A service is something temporary which in best cases makes something work or helps something. A creation is timeless or more permanent than a service because you can store it physically, a service however can't be stored. A creation can be multiplied or accumulated, whereas a service can't be accumulated also you don't usually need multiple services for something to work, so quantity wise it is constant let's say 1, creation like metal pipe can be accumulated and one pipe is not going to make it alone you need multiples of that pipe to create the system, the plumber could be the one providing the service of making that system. If done well there is only need for a one time service order, the pipes however have higher quantity always in every home. Stupid question to be honest, don't know how much more I can explain this, it gives me a headache.
>>1023205 That depends on who you're talking to >Classical Capitalist Value is created through the use of capital to purchase goods, land in the form of natural resources, and labor to produce commodities to be consumed within the economy. Note that none of those requisites were considered commodities in this system, because without them coming together and being used for commodity production they were all without any value. To them the biggest enemy to the economy was the wealthy land owners who controlled capital flows and could charge "tolls" whenever industrialists needed access to something they controlled. This really pissed them off because to them they provided no value to the economic process, but got a slice of the profits anyway. There was a weird time when industrialists really wanted the government to step in and take over huge swathes of land so that they could build mines and factories without having aristocrats fucking them over at every turn. >Marxist Really similar to the classical capitalists, except that they believed that both the industrialists and the landed elite were receiving things that they did not work for, and that the only one really being exploited was the workers who provided labor. In this case all value came from the productivity of the workers who actually created products, but they received only a portion of what they earned. They still believed that industry was the only real value creating mechanism within a society and all impediments must be removed so that industry could expand to the size demanded of it. >Austrian Seems similar to Capitalists, but removed the distinction between land owner and industrialist. This is a pretty key distinction because after that they could say that the guy who owns land produces as much value as the guy who runs a factory, and maybe even more because he could make more profits.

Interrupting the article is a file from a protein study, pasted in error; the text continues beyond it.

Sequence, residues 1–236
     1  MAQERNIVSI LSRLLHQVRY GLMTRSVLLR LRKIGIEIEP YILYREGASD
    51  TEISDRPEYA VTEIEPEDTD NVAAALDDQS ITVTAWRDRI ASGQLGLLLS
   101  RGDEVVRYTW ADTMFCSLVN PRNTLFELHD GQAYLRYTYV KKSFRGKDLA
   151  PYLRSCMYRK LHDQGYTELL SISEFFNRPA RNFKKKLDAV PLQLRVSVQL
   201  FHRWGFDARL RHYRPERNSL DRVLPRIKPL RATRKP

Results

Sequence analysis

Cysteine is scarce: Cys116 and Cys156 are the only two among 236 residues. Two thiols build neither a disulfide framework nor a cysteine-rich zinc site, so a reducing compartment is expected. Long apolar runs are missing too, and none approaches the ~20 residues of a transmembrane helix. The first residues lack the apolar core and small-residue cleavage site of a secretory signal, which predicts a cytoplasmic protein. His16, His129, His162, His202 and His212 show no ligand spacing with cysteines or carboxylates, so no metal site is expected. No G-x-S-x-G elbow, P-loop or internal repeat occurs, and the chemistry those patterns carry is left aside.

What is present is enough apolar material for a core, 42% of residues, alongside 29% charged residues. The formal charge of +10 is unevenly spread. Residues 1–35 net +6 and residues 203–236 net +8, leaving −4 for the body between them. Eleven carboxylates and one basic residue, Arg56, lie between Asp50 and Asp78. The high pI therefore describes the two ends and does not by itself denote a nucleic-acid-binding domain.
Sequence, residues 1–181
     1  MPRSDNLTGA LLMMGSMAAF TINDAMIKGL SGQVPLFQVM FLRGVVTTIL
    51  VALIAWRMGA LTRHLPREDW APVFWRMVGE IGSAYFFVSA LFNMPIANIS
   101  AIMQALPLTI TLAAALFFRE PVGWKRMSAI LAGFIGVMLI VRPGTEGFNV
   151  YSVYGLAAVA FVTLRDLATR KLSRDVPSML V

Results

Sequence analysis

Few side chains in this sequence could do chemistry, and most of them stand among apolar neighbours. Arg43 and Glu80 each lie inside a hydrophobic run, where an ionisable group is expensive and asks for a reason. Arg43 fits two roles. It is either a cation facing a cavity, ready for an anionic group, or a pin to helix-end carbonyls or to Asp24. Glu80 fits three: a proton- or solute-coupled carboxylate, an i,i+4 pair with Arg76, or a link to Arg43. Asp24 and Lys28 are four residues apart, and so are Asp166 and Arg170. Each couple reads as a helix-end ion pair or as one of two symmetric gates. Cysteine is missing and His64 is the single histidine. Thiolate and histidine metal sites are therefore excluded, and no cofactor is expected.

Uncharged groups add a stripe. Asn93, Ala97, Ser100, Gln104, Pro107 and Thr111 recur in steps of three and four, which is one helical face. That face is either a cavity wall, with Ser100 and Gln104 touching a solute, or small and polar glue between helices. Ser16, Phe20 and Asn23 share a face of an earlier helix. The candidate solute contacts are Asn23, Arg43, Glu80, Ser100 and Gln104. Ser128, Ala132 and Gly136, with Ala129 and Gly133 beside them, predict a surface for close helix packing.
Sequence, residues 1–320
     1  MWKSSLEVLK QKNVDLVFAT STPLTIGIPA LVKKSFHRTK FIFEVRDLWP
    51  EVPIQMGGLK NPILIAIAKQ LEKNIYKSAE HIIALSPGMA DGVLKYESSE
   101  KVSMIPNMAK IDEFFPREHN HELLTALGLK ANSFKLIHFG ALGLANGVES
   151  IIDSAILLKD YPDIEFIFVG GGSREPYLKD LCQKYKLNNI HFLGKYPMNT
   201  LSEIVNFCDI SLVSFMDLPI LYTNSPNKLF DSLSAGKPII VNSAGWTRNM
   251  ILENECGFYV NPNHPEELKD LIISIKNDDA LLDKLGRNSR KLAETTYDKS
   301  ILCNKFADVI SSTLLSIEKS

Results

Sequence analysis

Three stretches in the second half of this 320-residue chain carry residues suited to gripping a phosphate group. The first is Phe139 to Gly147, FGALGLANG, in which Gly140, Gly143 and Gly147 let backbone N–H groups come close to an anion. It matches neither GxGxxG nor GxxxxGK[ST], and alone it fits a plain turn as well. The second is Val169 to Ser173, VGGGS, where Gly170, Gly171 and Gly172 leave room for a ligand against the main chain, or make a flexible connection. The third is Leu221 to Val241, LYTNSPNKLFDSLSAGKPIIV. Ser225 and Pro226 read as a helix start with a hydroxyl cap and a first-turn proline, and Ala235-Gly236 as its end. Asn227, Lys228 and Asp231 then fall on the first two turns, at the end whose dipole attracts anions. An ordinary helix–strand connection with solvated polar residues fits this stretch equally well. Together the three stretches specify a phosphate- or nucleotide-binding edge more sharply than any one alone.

>>1023384 Value is what we as humans think something is worth, it is something unconsciously done because we prioritize our possessions. Just think of it, you may have objects dear to you and they're worth more in value to you than what someone else might think. Like for example a teddy bear from your childhood that you cherish. Understanding what value is is not complex at all, it's neither hard to understand. Explaining it may be hard to something that does not understand what value is because they've never had the experience of value. Tldr value is not something complex. Everyone understands value. Explaining it is different. Going off track here, awesome. But really this is value "what we consciously think something is worth" 7 words. GG
>>1023395 I think the question isn't really what value is but rather somethings like this How do we know what something is worth? Is it random? Based on our needs at the time coupled with our collected habits and preferences? Can we account for these preferences within a model of our economy? Are we able to ignore them in favor of abstractions?
I guess you really are answering the question of "what" value is, but I think what we all want to know is rather "how" value is assigned which is complicated. The schools that I listed all tried to grapple with where value comes from and all tried to put forth that there was some kind of intrinsic value to be found.
>But really this is value "what we consciously think something is worth" 7 words. Might as well just shorten it to value is value it's worth about the same thing to me.
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